• I think it a bit of a stretch to suggest that an “Opposition” would suddenly stop rioting…

      Ok, you didn’t quite say that, but precisely who would provide that opposition? Precisely how many of our elected reps were out, clearly and without caveat, saying the riots were wrong and anyone involved in them or in excusing them should be ashamed?

      Not very many – wouldn’t make much of an Opposition!

      In other words, although I think you and I essentially arrive at the same point, it’s not so much the system we need to change as the vast majority of those currently elected to operate it…

  3. guest says:

    “Rioting… will have a seriously detrimental affect on their life chances in future”

    Yes, but that should tell you something. It’s all very well, encouraging tourists, corporations, higher house prices, festivals, and G8 summits. But if the poorest, most likely to be caught up in crime see an ever-widening poverty gap, they’re going to feel even MORE disenfranchised, rather than less.

    We need to GIVE people life chances, so they can expect something other than being screwed as corporations like tesco syphon money out of the country.

    THEN, and ONLY THEN, should we crack down (and HARD) on people who still take to crime. Until then, though, it is the community committing crime against them, as much as the reverse.

    • I’m sure you mean well, but did you seriously write that?

      “We” already do give “them” life chances. “We” (the taxpayer) give “them” (the rioters) free education, free health services, free social care services, usually free housing, usually free utilities, and usually a raft of free health/fitness/leisure programmes. “We” don’t actually get given all of those things, but “they” do. So remind me, who’s discontented?

      Given that “we” already give “them” all of that (all while ourselves having to pay for our own child care, our own housing, our own utilities and our own programmes), you are still seriously excusing “them” rioting, wrecking the place and injuring public servants? Did you think before you wrote that?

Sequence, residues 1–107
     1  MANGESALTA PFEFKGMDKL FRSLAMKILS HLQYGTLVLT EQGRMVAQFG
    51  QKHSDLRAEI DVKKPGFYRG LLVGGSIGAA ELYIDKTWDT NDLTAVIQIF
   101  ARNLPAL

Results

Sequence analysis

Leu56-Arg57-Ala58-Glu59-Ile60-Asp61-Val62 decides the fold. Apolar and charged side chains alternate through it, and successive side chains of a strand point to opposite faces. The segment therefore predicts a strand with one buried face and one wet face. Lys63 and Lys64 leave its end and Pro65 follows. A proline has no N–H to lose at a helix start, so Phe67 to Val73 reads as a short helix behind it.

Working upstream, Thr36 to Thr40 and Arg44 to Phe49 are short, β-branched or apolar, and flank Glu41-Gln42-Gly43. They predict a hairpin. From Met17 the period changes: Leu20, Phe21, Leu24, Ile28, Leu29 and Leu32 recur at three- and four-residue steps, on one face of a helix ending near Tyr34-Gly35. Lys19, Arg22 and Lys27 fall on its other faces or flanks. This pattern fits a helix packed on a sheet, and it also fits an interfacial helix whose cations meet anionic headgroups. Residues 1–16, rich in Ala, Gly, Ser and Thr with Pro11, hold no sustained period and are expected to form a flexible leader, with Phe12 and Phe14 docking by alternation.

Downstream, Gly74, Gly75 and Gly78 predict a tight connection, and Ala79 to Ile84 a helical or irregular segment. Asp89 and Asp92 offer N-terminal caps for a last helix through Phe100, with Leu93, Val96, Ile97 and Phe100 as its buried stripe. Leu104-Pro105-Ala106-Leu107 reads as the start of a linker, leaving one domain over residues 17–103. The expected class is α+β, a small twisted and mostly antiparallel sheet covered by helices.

(Oh, and by the way, by all means take Tesco out of the country and thereby increase “their” food prices back to where they were before Tesco arrived. I’m sure that’ll help becalm “them”.)

  4. […] First Minister say that riots were “inevitable”, a point rightly refuted by Ian Parsley on his blog and called out to be inflammatory.  With this tacit support for civil disobedience many men, women […]

  5. Clare says:

    I have believed for many years that parties such as the DUP and Sinn Fein require the pot to continue boiling to justify their own existence.
    To this extent their apparent apathy and lack of leadership makes perfect sense.

  6. Clare says:

    I’m curious about what progress society here can make in terms of a shared future if the DUP and Sinn Fein have a vested interest in conflict.
    i see no prospect for the foreseeable future in either of these parties losing their grip over the respective tribes. What hope is there therefore for the future?

    • factual says:

      Its a good question. But society is not controlled by political parties,Clare. In fact, political parties have to in the end follow social changes. And so, there is hope. Look at the changes to society since the 1960s in terms of so many issues. Look at how the parties in the South of Ireland, or in GB, have changed since then. Do you think many people in NI actually are very interested in the Maze imbroglio? It seems a fairly minor issue. In short: the politicians in the end have to follow social and economic change, and can do little to shape it; especially since their powers (in NI) are fairly limited.

      • Great points.

        A mistake politicos make is to assume politicians determine the direction a country takes.

        No. Society does, people do. After all, they elect the politicians!